Negatively, I had very few complaints with “Singularity’s Ring”. In fact, I wouldn’t even call them complaints; more like personal desires. For example, I wanted to learn more about the Community, the Gene Wars, the Ring, and the Rift; information which was kept to a minimum. Also, I thought it would have been extremely interesting if the author had written from Malcom Leto’s POV, being that he woke up from suspended animation only to discover that he was the last of his kind. Finally, I wish the book had different cover art—in my opinion, an out of the ordinary book like “Singularity’s Ring” deserves out of the ordinary artwork…

Of other note were the chapters, which felt a bit long and seemed almost episodic. Of course there was a reason for that. When researching Paul Melko’s background, I learned that he’s written over
twenty short stories, three of which—“Singletons In Love”, “The Summer of the Seven”—are set in the same universe as “Singularity’s Ring” including “Strength Alone” which is actually the first chapter in the book. So, that kind of explains why some of the chapters were structured like short stories. It also explains why the prose, pacing, and plotting felt so accomplished for a first novel :)

Speaking of which, between the book’s fascinating concepts, the unique protagonist in Apollo Papadopulos, and Paul’s significant writing skills & imagination, “Singularity’s Ring” was just as impressive as any debut that I’ve read so far in 2008 and I can easily see why it was chosen as a
Sci Fi Essentials Book. In short, I really, really liked Paul Melko’sSingularity’s Ring” and I hope readers will take notice of this special novel…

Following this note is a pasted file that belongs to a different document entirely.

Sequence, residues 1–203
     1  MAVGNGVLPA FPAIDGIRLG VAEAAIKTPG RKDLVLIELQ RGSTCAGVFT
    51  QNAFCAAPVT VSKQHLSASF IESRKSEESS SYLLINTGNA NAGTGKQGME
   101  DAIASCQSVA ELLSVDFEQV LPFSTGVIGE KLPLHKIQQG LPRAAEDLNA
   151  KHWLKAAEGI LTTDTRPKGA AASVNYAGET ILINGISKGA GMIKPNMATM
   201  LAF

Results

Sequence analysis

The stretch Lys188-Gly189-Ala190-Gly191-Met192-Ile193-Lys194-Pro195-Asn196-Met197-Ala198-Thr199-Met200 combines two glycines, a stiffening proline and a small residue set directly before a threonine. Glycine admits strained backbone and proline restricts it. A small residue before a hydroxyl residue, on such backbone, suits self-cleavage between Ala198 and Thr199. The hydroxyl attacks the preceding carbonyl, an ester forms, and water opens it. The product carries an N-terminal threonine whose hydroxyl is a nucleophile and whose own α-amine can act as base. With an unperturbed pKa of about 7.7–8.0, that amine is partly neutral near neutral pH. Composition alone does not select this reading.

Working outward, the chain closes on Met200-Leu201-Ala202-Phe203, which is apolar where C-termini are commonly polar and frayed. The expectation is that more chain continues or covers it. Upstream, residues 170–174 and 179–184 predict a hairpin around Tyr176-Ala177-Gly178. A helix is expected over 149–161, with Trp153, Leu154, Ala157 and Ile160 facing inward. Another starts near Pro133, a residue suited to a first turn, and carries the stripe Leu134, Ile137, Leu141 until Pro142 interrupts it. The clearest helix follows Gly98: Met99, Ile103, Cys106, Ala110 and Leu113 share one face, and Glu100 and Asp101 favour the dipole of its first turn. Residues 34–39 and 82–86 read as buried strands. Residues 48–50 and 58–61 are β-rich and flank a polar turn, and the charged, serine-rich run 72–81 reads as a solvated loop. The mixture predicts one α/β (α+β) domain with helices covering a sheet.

NOTE:Singularity’s Ring” is a standalone book, and while there is room for the story to continue in future volumes, Paul Melko’s next project is an expansion of his short story “The Walls of the Universe”—A teenager loses his place in his world to a version of himself from another universe and struggles to get his life back…

4 comments:

Anonymous said...

After reading and enjoying several of Mr. Melko's short stories including the opening chapter of this one, I was eagerly waiting for this book and while it's fast and readable, I was somewhat disappointed since it's a very light novel, very YA and good for introduction to sf, but not a major groundbreaking one that would establish Mr. Melko as someone to watch.

I read it very fast in about 2 hours and posted my thoughts on sffworld and I will check out Mr. Melko's next novel, but it brings nothing new to an experienced sf reader the multiple humans are much more interesting in T. Daniel Metaplanetary and even in P. Hamilton's Void, the Singularity ring is much better done by D. Simmons in Ilium...

Though as a good introduction to sf this book will do excellently.

On the other hand The Monsters of Templeton was a great book, and I owe many thanks to the great review here for discovering it

Liviu

Robert said...

Liviu, thanks for the comments! Since I haven't read any of Melko's short stories, I can't compare the novel to them, but I can understand the 'light' remarks. I wouldn't say that the book was YA, but it is very accessible, and that's one reason why I really liked it. It was very easy for me to get involved with the story and I also finished the book quite quickly, though nowhere near your two hours ;)